A Poland Family Adventure. Day 9. Slovakia.


We left Poland this morning enroute to Slovakia.  Along the hilly roads we saw women in babushkas, a dog that would not budge from the middle of the road, stork’s nests and a dog corralling cows into a pasture.  The earth had become less fertile.  It was now yellowish and claylike.  Fields were used more for grazing than vegetable production.  The surroundings were very rural and houses spread out.

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We dropped down into Slovakia through a low mountain pass and first visited the medieval town of Bardejov, a UNESCO Heritage Site.   We knew only one Slovak word, ďakujem – “thank you.”  At one cafe, where we warmed with coffee and richly flavored hot chocolate, we were given servings of fresh cinnamon torte, “gratis” by our pretty Slovak waitress. Wonderful memories.


The drive cross country from Bardejov to reach the Ondava River valley was a wild ride …and  we loved it!  We had suddenly left 2012 and were experiencing a rustic travel route,  seeing old and primitive villages along the way.  How did people ever manage to live here, especially in snowy seasons?  Our day was full, visiting numerous small villages and cemeteries, interacting with locals who had big smiles.  No matter that we could not speak the language.  Tavern keepers and patrons at one tavern used gestures to explain their local hunting  pastime.  The men in our party understood perfectly well and replied easily in kind.  We came, we saw and we photographed the important villages that our ancestors left in 1870.  We saw lumber trucks on this portion of the drive.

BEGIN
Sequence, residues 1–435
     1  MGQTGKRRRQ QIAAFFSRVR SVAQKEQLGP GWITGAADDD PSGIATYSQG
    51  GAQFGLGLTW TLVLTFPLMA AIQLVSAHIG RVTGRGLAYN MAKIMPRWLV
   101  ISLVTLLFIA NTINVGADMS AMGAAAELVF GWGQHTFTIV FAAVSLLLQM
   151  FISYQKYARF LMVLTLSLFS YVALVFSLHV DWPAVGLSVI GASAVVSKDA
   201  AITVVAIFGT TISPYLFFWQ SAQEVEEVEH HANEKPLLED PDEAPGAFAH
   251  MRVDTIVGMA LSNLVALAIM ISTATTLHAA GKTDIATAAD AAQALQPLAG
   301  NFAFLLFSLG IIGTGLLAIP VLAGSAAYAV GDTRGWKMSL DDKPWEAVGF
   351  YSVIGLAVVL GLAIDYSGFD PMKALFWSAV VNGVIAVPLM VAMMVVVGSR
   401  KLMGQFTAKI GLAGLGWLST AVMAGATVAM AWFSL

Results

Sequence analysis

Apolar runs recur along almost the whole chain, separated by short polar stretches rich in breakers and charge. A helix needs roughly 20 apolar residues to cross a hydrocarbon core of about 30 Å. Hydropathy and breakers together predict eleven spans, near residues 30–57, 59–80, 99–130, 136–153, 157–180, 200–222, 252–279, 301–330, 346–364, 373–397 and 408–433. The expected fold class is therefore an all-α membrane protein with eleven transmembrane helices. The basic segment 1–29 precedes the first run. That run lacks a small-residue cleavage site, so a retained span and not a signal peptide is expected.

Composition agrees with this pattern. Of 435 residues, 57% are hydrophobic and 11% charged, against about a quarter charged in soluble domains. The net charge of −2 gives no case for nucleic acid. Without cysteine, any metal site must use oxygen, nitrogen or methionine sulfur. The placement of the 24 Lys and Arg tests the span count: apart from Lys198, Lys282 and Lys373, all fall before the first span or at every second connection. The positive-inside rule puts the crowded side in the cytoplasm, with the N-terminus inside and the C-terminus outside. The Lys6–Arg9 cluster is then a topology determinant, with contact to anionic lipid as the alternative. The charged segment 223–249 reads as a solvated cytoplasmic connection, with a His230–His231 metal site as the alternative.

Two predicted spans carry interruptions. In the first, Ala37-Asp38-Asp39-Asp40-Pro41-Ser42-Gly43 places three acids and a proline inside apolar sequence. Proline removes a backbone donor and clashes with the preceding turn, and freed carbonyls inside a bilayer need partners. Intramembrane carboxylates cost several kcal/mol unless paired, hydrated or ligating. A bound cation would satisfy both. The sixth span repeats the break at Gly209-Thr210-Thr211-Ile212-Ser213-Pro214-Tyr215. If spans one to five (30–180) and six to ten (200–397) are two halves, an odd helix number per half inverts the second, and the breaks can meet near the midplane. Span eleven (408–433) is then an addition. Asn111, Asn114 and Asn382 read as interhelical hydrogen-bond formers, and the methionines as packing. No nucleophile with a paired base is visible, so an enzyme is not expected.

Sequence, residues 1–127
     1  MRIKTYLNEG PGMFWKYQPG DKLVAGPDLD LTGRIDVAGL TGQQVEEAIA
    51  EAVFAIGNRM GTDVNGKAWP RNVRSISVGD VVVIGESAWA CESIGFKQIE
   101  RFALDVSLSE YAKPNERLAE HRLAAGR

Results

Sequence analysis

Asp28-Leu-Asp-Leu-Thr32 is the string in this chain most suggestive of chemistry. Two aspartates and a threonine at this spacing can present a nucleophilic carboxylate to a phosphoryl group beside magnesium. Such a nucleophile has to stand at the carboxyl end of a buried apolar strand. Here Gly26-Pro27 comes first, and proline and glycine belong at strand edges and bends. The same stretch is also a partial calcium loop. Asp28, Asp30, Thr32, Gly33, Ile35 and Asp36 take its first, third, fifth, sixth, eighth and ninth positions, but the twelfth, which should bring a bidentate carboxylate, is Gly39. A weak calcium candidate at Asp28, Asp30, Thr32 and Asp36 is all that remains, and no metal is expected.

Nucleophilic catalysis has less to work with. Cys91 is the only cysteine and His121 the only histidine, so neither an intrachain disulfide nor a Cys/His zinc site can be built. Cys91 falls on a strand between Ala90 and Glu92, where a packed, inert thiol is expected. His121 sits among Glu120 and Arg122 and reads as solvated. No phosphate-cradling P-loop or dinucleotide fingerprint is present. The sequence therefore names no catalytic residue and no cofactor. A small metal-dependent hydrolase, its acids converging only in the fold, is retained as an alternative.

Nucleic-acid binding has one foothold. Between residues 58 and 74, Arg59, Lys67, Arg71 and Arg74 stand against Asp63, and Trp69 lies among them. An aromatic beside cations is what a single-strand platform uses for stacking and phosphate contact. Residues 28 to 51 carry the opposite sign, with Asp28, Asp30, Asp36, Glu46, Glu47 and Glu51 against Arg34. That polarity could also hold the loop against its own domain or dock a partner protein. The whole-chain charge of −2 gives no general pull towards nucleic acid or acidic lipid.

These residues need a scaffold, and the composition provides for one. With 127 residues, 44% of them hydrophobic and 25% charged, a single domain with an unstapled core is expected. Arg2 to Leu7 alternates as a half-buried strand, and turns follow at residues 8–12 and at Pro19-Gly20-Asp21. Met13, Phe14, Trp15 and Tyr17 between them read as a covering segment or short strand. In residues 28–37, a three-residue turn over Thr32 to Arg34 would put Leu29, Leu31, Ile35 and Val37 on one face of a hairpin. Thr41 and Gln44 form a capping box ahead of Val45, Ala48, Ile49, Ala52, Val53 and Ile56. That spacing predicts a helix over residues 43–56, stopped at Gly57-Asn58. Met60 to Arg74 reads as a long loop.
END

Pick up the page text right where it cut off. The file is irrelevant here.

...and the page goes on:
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We traveled north from Slovakia through a pass in the Carpathian Mountains into Poland at dusk.  Only small villages existed along our route in the foothills of the Beskidy Mountains.  When we approached a village after dark, we could see lights, otherwise the earth and sky were black.  Only our headlights illuminated the path ahead.  Those of us still awake in the vehicle saw village lights ahead on a hillside.  As we got nearer, we realized that it was not a village at all.  It was an illuminated cemetery; a glowing village of the dead!  Multi-colored lanterns and covered votive candles lit hundreds of graves.  It was serene and beautiful against the dark October sky.  All Souls Day was approaching.


We arrived in time for a late supper at Janczar Ranch in Pstragowa, Poland.  The fire and celebration music in the large dining area warmed us.  We had pre-ordered dinners that included venison, and it was outstanding.  None of us were brave enough to try the wild boar that was another option!  Soon the family was bedded down in rooms in the two storey ranch house.  We slept well and warm.

Denise

Pocket

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